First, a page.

A new study revealed that most of the species of the colorful Hawaiian songbirds could face extinction within the next decaed due to the warmer temperatures brought by climate change.

The study, published in the journal Science Advances, suggests that six of the remaining 18 species of the Hawaiian honeycreepers are in danger of being wiped out from the surface of the Earth if their numbers continue to decline at a similar rate as they have been in the last 10 years.

"This study showed us two things: one, that the ones we already knew were in trouble were in even worse trouble than we thought -- like, much worse trouble," explained Lisa Crampton, a project leader at the Kaua'I Forest Bird Recovery Project and co-author of the study, in a report from The Verge. "And two, species that we thought were doing okay were actually now in trouble. So it was a really worrisome finding."

For the study, the researchers conducted bird surveys on the Alaka'i Plateau of Kaua'i, a highly eroded crater of an extinct volcano 5.1 million years old. The researchers noted a rapid decline in the population of six native birds based on the standardized 25-year trends of the core range and peripheral range.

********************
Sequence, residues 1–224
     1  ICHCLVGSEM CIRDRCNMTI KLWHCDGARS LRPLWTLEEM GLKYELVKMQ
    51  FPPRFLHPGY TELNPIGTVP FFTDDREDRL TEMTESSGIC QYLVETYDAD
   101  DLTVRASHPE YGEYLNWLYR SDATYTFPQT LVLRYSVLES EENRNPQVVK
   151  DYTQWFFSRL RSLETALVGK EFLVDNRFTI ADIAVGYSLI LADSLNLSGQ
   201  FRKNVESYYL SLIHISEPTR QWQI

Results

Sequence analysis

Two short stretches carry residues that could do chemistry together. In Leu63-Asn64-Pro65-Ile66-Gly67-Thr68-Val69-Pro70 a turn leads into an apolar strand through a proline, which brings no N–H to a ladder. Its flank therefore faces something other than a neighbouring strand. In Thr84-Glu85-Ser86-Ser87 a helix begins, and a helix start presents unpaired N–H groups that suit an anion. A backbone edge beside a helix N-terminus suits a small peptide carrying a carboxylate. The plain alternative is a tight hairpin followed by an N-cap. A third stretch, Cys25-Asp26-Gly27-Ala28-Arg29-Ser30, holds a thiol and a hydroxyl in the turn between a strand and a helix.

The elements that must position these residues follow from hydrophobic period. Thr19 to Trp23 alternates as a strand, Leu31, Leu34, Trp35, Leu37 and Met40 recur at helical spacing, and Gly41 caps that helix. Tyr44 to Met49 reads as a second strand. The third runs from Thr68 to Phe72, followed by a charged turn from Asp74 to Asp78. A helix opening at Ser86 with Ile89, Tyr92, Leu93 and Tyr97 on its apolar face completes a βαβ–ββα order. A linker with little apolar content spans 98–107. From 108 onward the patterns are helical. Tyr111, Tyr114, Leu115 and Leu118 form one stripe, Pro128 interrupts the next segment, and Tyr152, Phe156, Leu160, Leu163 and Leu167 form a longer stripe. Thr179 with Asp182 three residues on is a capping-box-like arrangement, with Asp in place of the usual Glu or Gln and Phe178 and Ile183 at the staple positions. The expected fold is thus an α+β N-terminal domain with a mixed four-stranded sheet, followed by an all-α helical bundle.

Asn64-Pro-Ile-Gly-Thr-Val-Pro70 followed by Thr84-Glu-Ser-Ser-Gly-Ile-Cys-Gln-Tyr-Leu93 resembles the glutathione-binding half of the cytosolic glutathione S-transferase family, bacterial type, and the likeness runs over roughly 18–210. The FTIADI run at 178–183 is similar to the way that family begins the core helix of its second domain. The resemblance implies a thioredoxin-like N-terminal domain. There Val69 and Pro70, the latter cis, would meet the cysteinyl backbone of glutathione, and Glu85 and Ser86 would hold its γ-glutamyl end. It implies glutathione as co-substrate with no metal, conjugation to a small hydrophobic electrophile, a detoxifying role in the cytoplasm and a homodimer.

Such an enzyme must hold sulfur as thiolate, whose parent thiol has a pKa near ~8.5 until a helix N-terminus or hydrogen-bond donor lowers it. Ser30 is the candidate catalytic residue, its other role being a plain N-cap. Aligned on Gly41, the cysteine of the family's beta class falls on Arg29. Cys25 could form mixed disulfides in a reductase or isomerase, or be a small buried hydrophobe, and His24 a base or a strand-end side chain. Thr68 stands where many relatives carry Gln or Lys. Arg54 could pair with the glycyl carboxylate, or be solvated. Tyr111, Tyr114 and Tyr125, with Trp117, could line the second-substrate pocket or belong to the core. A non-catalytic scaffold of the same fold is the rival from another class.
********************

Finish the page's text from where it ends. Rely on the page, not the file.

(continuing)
One of the primary reasons of the imminent collapse of the native forest bird community is the warmer climate induced by climate change. Warmer temperatures increase the risk of the spread of disease that affects birds, including avian malaria.

Furthermore, these native birds have evolved in a nearly disease-free paradise, which made them vulnerable for malaria and other mosquito-borne diseases due to lack of natural defenses.

The arrival of rats on the islands of Hawaii also spelled disaster for the native birds. These rats eat the eggs of the birds, further decreasing their numbers. Additionally, these hungry rodents could also devour adult female bird, reducing the chances of reproduction.

The researchers are now doing their best to prevent the possible extinction of the Hawaiian honeycreepers. They are now trying to collect the eggs of these birds to establish a safe captive breeding population. Furthermore, additional precautions are added to deter hungry rodents from eating the birds.

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